One should not forget, South Africa is a geopolitically distinctive global destination. It possesses natural and cultural diversity that supports a globally compelling tourism product. By its very nature; wide, open spaces, open-air activities and low-density tourism experiences makes South Africa an incredibly attractive proposition for a new kind of traveller who wants to avoid the crowds, engage with the outdoors and cares about the environment and sustainability.

More than ever we need to redouble our efforts, as we continue to look to tourism as the game-changing force that upliftments communities and protects our wildlife. Tourism enriches so many lives that we need to consider every option, as we work to maintain decades of brand equity, conservation and livelihoods built on the foundation of bringing guests to African soil.

Tshifhiwa Tshivhengwa TBCSA CEO, concluded in his statement “We believe South Africa’s tourism economy can be opened up safely if we follow global best practice and comprehensive protocols. By opening up as close to 1 September as possible in a responsible manner, we will save the entire 2021 inbound tourism revenue stream and tourism in South Africa”.


The Tourism Business Council of South Africa (TBCSA) is the umbrella organisation representing the unified voice of business in the travel and tourism sector in South Africa.

The TBCSA was established in 1996 by leading tourism businesses and associations to form a unified platform to engage with the South African government around the development of the sector.

It is a not-for-profit, member-centric organisation mandated with the task of:

  • Lobbying the public sector and behalf of its members;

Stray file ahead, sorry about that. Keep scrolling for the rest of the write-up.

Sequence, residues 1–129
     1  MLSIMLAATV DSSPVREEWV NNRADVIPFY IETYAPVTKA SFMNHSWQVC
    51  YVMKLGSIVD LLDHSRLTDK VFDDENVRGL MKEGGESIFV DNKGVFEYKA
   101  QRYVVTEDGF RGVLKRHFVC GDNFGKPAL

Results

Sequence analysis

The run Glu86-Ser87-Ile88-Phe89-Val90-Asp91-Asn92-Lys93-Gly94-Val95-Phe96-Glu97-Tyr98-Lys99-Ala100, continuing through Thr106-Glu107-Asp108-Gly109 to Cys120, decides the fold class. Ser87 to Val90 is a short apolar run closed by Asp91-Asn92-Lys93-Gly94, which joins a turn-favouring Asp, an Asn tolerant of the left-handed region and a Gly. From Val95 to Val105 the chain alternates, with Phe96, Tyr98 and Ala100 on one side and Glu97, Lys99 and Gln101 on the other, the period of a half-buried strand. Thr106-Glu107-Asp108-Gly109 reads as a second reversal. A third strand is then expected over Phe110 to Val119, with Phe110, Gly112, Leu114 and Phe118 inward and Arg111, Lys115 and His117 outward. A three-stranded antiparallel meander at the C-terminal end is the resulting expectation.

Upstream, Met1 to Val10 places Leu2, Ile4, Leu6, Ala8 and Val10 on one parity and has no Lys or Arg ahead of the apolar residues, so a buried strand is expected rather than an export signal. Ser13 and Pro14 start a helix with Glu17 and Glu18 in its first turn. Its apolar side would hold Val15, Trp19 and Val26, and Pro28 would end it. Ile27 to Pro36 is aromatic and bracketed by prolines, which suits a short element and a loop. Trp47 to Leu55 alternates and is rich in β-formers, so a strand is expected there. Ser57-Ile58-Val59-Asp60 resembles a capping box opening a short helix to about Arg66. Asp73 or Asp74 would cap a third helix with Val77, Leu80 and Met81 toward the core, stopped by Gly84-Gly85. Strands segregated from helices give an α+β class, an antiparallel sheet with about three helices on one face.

• Facilitating key industry programmes aimed at driving growth and development in the sector;
  • Monitoring and influencing macro-economic developments which impact on the sector ;
  • The organisation serves to unite and influence the diverse travel and tourism sector to contribute to a competitive, responsible and inclusive tourism economy.

The work of the organisation and its strategy is guided by the following priority areas:

  • Providing organised business in the sector a route to government;
  • Focussing on legislative issues and policies impacting on the travel and tourism sector;
  • Influencing the marketing of destination South Africa;
  • Research – commissioning, collating and communicating.

About Rhino Africa

Rhino Africa is Africa’s leading safari company and specialises in tailor-made luxury travel in Southern and East Africa, including the Indian Ocean Islands.

Based in Cape Town, we use our local expert knowledge to create once-in-a-lifetime journeys for 16,000 guests every year. Success within the safari industry has granted us the great privilege of supporting the causes we are passionate about. This is more than a passion – it is a burning, all-encompassing desire to ensure that we do whatever we can to support the special, on-the-ground movements that underpin conservation and rural education in Africa.

We leverage our talent at tailor-made holidays to join forces with inspired groups and individuals in Africa, whose talents lie in protecting endangered species and empowering rural education, to achieve their dreams.